If you have having trouble synthesizing your ideas try using a visual aid to help you get a picture what you’re trying to say. I suggest you make a flow chart showing the progression of your argument. To help you accomplish this, try creating a flow chart that represents the ideas you have gleaned from the published work, rather than the articles themselves. As you write, you can flow from the broad topics into the more specific. For a good idea of how to do this, click here to see a flow chart that provides an example of a progression of ideas for a literature review on The Effects of Family Structure and Educational Attainment.
Stop Reading and Start Writing
One of the most difficult aspects of a writing a literature review is to know when to stop reading and start writing. It’s certainly a lot easier to read than to write, and you may have trouble deciding when you “know enough” to start putting some ideas down on paper.
Writing, however, should be considered a part of the process of researching your review. Consider “free writing” a first draft to test your knowledge of your area of study, and help you to decide if you actually do need to complete more reading.
In addition, if you’ve been keeping up with the literature and have been in an active conversation when reading, and have made summary notes about those papers, you’ll already have many good starting points for the review. This is where all those notes written in the margins and in your own words will really pay off: You have probably already written a good portion of your review!
As you complete additional research, it’s a good practice to summarize and type up comments as you go. If you use this approach, again, you’ll have a lot of material already on the page when you begin to create your own draft. All you’ll have to do is make some decisions about structure, and then just start stringing those notes and comments together.
If finding a starting point is difficult, choose a small section of the review. Look for something with which you feel completely comfortable, and write about it. Remember, you don’t have to write the entire review in one sitting.
Many universities have outstanding web pages relating to writing a literature review. However, I liked the clarity of the University of Melbourne’s description for writing a literature review. I have summarized their section on constructing an argument and academic language below:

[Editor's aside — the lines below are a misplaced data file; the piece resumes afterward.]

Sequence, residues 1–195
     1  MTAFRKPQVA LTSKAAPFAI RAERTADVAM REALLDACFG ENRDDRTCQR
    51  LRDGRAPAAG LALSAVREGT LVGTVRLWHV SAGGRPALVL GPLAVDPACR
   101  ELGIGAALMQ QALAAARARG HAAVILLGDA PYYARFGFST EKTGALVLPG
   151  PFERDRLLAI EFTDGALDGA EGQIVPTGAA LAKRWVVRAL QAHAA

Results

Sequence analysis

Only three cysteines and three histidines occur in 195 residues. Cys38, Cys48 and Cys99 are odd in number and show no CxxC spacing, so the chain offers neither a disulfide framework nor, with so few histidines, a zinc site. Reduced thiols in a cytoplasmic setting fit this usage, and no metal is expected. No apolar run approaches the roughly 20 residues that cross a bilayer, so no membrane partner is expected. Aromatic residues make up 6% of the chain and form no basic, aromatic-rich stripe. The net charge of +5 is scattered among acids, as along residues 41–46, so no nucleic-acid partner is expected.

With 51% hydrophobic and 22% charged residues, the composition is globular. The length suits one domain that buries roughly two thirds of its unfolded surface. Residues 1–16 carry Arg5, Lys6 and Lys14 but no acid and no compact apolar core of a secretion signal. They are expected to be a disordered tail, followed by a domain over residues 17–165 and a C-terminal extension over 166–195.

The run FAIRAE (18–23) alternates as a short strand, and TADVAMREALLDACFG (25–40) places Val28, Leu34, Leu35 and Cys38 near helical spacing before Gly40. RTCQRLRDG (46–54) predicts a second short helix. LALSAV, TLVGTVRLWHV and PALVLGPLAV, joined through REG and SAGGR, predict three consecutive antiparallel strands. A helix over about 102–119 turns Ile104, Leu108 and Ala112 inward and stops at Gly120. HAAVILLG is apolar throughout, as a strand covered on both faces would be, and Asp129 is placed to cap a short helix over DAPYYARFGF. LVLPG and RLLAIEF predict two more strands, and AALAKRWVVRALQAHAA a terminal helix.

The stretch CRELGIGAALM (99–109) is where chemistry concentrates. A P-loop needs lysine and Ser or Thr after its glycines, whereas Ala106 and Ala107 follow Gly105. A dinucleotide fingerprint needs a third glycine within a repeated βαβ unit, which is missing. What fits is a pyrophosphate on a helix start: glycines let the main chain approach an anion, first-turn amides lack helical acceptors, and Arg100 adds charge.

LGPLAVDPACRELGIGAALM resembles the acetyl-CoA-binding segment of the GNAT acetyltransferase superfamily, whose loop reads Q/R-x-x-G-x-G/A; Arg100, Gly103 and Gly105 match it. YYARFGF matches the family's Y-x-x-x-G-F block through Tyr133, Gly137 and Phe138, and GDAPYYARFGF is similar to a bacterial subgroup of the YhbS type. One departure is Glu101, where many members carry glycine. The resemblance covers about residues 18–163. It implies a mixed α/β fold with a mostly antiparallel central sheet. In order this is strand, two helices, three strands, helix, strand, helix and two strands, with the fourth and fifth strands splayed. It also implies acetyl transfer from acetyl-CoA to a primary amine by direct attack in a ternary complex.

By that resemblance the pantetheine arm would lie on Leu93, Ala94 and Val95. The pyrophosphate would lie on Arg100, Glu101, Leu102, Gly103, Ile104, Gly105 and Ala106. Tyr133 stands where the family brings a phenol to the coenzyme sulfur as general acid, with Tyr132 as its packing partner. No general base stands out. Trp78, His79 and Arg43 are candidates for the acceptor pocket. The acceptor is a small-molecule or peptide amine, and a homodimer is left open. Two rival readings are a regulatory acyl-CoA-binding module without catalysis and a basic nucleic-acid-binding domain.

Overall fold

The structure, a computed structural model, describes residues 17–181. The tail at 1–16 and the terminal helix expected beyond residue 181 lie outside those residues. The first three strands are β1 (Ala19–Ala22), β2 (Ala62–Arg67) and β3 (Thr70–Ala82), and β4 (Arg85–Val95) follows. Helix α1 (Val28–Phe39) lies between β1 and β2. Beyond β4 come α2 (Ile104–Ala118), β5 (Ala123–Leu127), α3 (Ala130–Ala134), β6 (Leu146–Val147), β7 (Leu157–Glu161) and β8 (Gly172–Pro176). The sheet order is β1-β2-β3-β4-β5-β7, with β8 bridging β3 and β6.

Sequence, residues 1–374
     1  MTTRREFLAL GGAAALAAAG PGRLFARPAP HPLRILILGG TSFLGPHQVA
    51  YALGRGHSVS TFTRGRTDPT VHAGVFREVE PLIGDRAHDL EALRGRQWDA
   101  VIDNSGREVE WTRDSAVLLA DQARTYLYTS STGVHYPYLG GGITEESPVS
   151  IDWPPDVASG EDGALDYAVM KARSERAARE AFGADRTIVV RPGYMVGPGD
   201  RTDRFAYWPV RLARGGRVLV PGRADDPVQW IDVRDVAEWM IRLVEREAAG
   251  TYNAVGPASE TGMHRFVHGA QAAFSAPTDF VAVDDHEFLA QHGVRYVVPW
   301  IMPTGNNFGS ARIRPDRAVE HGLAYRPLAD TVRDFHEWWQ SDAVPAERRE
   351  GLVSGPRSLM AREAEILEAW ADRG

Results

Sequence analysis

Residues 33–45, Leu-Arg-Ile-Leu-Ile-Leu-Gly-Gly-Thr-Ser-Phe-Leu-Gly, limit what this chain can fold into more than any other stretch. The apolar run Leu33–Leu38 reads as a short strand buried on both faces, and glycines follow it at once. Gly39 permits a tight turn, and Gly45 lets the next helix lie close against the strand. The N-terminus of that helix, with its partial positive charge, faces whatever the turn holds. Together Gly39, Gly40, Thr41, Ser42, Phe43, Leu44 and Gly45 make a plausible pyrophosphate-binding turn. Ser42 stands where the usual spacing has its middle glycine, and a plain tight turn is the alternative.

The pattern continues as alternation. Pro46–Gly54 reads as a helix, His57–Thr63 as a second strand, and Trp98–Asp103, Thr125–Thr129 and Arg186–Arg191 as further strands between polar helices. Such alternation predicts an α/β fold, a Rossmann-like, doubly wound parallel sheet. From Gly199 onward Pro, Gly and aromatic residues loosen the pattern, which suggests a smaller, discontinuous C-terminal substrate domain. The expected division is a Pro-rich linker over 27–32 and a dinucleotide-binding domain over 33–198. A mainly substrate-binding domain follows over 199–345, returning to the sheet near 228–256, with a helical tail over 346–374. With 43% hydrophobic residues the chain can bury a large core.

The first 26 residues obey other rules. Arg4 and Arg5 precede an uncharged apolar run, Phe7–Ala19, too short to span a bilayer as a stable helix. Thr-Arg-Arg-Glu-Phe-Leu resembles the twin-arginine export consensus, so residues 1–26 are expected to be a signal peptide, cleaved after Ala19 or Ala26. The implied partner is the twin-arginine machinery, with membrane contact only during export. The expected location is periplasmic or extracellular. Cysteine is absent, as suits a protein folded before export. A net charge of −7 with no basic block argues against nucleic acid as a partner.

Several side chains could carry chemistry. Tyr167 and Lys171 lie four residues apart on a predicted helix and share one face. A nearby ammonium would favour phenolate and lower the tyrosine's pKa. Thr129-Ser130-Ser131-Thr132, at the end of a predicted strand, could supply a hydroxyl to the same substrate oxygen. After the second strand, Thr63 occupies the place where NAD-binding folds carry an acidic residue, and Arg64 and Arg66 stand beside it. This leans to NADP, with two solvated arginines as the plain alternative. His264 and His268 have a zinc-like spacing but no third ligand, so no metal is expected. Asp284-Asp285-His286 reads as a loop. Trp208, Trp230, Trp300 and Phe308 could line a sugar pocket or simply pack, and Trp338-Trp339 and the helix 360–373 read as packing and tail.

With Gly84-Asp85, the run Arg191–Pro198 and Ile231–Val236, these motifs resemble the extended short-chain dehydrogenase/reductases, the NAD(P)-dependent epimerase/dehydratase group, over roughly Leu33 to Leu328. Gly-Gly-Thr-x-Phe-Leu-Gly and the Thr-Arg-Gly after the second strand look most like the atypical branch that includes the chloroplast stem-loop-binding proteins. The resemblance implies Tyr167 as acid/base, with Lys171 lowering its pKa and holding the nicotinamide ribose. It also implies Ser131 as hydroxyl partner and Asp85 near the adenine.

Constructing Your Argument
In order to write a cohesive literature review, you need to present a clear line of argument. That means taking all of the critical comments you have made in your reading notes and using them to express an academic opinion. A well argued literature review will:
• Provide a clear relationship between your arguments and the evidence. Linking sentences within the passages should be used to indicate connections between other reviews and your arguments. Summary statements at the end of sections should draw conclusions.
• Back up your opinions with facts and theory from the literature. Examples, citations and quotations should be used wherever appropriate.
• Account for differing opinions, rather than ignore them. While you will clearly present your evidence and argument, you must also make some attempt to acknowledge opposing viewpoints. In addition, you must clearly make your preferences regarding these arguments clear, rather than “sitting on the fence” or leaving the reader to draw his own conclusions.
• Clearly connect all the sections of the review. Be sure to include an outline statement in the introduction which makes the order of the arguments clear, and gives some reason for your choice in ordering the material.
A literature review is considered a scholarly text, so your writing style should be formal and similar to what you find in the scholarly journals of your discipline. Review models of literature reviews in your area to get a sense of what is expected in terms of structure, style and language. Thorough reading of current journals will also help give you a sense of the “hot” topics in your field.
The literature review is often the section of the thesis written in the most formal, academic language. While there is not much scope for rhetoric in a “results” section, a literature review may allow you to express yourself in a more elegant, academic or literary manner. However, it is important not to get too carried away! Shorter, less complicated sentences and paragraphs are always better – and more readable — than complicated prose.